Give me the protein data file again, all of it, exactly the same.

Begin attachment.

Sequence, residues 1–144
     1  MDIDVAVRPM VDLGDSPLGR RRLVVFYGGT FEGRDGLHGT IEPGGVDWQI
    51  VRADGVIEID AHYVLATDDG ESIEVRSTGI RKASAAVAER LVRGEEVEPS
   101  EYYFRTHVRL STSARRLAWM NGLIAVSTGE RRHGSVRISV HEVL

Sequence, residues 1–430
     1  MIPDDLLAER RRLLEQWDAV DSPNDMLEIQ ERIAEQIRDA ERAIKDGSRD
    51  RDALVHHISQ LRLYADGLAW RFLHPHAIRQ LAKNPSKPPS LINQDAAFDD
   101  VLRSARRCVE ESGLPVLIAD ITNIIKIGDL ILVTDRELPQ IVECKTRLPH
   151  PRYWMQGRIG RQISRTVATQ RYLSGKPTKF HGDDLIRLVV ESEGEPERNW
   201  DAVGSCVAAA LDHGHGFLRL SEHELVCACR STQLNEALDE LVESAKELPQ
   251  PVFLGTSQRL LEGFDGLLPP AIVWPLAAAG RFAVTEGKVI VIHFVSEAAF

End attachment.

Sequence, residues 1–144
     1  MDIDVAVRPM VDLGDSPLGR RRLVVFYGGT FEGRDGLHGT IEPGGVDWQI
    51  VRADGVIEID AHYVLATDDG ESIEVRSTGI RKASAAVAER LVRGEEVEPS
   101  EYYFRTHVRL STSARRLAWM NGLIAVSTGE RRHGSVRISV HEVL

Sequence, residues 1–430
     1  MIPDDLLAER RRLLEQWDAV DSPNDMLEIQ ERIAEQIRDA ERAIKDGSRD
    51  RDALVHHISQ LRLYADGLAW RFLHPHAIRQ LAKNPSKPPS LINQDAAFDD
   101  VLRSARRCVE ESGLPVLIAD ITNIIKIGDL ILVTDRELPQ IVECKTRLPH
   151  PRYWMQGRIG RQISRTVATQ RYLSGKPTKF HGDDLIRLVV ESEGEPERNW
   201  DAVGSCVAAA LDHGHGFLRL SEHELVCACR STQLNEALDE LVESAKELPQ
   251  PVFLGTSQRL LEGFDGLLPP AIVWPLAAAG RFAVTEGKVI VIHFVSEAAF